Paulie's Passover Predicament
Paulie the moos-ician can hardly wait to host a Passover seder for his friends. Unfortunately, his seder doesn’t turn out quite the way he planned. Will the hunt for the afikomen make the evening a success?
|Interest Level||Preschool - Grade 2|
|Reading Level||Grade 2|
|Publisher||Lerner Publishing Group|
|Imprint||Kar-Ben Publishing ®|
|Number of Pages||32|
Cleveland Jewish News
“Paulie the moosi-cian is all set to host a Passover seder for his friends, but the seder doesn’t go according to plan. There are too many mistakes and that makes the hunt for the hidden aﬁ komen a real puzzle.” - Cleveland Jewish News
Jewish Book Council
“Paulie, a moose (and moos-ician) can’t wait for Passover. He’s invited all his friends to join him in a heartfelt, slightly unconventional seder: pepper added to the salt water (so the pepper doesn’t get jealous), pinecones in the charoset, and so on. Even worse, he locks himself in the basement while hunting for the afikomen. Once he manages to free himself, it’s Dayenus all around—it’s enough to be able to celebrate the holiday with cherished friends.
A cheerful addition to the Passover library, this book centers on the idea of friendship and acceptance while also explaining most of the holiday’s symbols and rituals. Buoyant illustrations of a menagerie of animal friends strike just the right note.
Recommended for ages 3 to 7.” -Jewish Book Council
Association of Jewish Libraries
“Not since Bullwinkle has there been as charming a moose as Paulie. Paulie is a moos-ician who cuts his musical practice short in order to prepare a seder for his friends that evening. He is thoughtfulness personified, although a tad misguided, when he uses some unusual items on his seder plate: an ostrich egg for greater visibility, salt water with pepper added (so that the pepper wouldn’t be jealous of the salt), charoset made of apples and pine cones, grass instead of parsley, a radish carved in the shape of a horse to stand in for horseradish, and lamb’s wool instead of a lamb bone. Paulie’s eyes fill with tears when his guests laugh at his seder plate choices. Soon his friends reassure him when they say that ‘Your seder plate is different, but each thing still reminds us of Passover—in a Paulie way.’ All is well as the search for the afikomen ensues until Paulie finds himself and the afikomen stuck in the basement. ‘What a predicament!’ he thought. Paulie is released from his basement bondage when he thinks of a very clever way to signal his guests. Paulie declines a reward for the afikomen. ‘I don’t need one,’ said Paulie. ‘My reward is being free, like our ancestors on Passover. And that’s enough for me!’ Barbara Vagnozzi’s illustrations strike just the right tone. Paulie and his animal friends are colorful and full of expression.” – Association of Jewish Libraries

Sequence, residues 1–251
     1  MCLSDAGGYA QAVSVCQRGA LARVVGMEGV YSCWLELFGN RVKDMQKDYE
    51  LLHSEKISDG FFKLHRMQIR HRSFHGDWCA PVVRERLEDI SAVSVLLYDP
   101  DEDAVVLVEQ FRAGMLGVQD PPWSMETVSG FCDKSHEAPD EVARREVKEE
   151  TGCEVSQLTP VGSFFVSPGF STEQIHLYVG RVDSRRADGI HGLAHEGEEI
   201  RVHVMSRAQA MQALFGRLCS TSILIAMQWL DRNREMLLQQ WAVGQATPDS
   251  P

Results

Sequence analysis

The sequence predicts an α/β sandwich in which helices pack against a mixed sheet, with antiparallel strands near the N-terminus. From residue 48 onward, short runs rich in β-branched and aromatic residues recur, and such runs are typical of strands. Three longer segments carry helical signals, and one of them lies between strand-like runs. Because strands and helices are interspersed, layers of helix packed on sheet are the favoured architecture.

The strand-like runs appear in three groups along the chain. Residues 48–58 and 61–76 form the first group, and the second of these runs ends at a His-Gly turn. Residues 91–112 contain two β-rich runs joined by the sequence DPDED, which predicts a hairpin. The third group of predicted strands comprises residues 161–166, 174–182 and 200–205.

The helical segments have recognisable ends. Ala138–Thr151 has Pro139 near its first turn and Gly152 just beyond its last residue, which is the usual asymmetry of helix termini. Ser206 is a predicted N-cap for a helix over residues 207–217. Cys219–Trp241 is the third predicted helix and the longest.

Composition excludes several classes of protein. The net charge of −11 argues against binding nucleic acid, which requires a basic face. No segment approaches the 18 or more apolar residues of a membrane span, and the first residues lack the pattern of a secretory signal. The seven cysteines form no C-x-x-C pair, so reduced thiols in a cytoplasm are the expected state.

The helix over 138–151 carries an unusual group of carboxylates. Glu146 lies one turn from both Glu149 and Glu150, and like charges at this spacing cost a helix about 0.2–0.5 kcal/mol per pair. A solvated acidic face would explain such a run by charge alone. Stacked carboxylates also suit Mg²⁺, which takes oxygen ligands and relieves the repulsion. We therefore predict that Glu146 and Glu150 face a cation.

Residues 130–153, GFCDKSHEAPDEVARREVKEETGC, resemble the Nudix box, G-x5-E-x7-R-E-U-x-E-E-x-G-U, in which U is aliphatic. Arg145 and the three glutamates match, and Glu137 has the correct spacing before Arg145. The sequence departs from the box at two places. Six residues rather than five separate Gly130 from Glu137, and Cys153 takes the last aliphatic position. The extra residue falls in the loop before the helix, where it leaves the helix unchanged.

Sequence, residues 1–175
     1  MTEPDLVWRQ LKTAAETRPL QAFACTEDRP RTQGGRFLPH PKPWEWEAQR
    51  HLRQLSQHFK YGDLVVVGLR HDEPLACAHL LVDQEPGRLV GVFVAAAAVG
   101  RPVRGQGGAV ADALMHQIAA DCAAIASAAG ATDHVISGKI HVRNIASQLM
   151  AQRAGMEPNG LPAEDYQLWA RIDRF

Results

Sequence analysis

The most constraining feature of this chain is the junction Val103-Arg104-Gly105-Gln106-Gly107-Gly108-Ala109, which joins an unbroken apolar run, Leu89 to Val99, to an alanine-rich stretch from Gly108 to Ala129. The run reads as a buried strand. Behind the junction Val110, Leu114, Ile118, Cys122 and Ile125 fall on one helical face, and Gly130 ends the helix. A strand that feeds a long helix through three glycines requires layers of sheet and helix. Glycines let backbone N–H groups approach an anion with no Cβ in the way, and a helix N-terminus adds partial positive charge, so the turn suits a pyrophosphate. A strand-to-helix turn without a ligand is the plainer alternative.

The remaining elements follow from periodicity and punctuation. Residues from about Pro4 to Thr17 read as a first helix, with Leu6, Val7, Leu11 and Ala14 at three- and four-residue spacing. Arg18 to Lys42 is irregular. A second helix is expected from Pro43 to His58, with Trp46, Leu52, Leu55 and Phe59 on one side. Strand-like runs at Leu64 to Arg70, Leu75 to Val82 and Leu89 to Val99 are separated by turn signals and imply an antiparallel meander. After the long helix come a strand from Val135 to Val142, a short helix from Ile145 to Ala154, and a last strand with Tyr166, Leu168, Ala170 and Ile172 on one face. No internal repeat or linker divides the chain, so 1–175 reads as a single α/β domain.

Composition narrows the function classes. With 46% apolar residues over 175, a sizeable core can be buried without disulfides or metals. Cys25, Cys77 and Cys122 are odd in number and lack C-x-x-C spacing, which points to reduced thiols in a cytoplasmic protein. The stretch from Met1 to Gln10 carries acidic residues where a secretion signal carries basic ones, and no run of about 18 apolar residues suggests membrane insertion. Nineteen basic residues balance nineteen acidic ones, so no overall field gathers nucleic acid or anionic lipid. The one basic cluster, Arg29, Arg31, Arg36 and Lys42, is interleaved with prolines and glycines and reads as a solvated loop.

“Paulie the moose is hosting his first seder, and things aren’t going well. He carves a horse from a radish instead of horseradish for the maror (bitter herbs). He makes the charoset out of apples and chopped pinecones. And he gets stuck in the basement after finding the afikomen. Paulie’s friends can’t help but laugh at his Passover faux pas, but they love him. ‘Each thing [on the seder plate] still reminds us of the meaning of Passover—in a Paulie way,’ says Sally the rabbit. Sutton’s nudges toward the subject matter are often far from subtle (when told he gets a reward for finding the afikomen, Paulie responds, ‘I don’t need one…My reward is being free, like our ancestors on Passover’). But Paulie’s eagerness to get Passover perfect remains endearing, and Vagnozzi’s toylike, apple-cheeked animal cast exudes high spirits and open hearts. Ages 3-8.” – Publisher’s Weekly
“A moose adds his own special culinary touches to the Passover Seder. Paulie, a moose, or “moos-ician,” stops playing his guitar to do last-minute Passover shopping, during which he meets his friends, a rabbit and a hedgehog, who will be joining him. He adds some usual items to his cart such as grape juice and candles, then goes home to cook and set the table. His friends join him, including a skunk and a bear, but they notice that some food items are a little different from what they expected. The egg on the Seder plate is very large—from an ostrich. The salt water also has pepper in it. The charoset has apples and pine cones instead of apples and nuts. Parsley is replaced by grass, and the maror is a radish carved to look like a horse instead of horseradish. Finally, the lamb bone is a ball of wool from a lamb. Close…but….Searching for the afikomen adds drama and meaning to the evening celebration and makes it a happy Passover for the friends. Readers who are familiar with the spring holiday may find some of the antics amusing. Those who are new to it will likely be confused, particularly as a diagram of a Seder plate with the correct assemblage is not included to help orient them. The animals are all colorfully comic, however. Less than fun and more than silly. (Picture book/religion. 3-5)" – Kirkus Reviews
Author: Jane Sutton
Jane Sutton grew up in Rosyln, New York, where she began writing stories and poems at a young age. Jane is also a writing tutor and teaches a community education class for adults about how to write for kids. She, her husband, and her grown children live in the Boston area.
Illustrator: Barbara Vagnozzi
Barbara Vagnozzi loves illustrating, especially inventing funny animals. She enjoys giving presentations, where she can tell stories to little ones near her home in Bologna, Italy.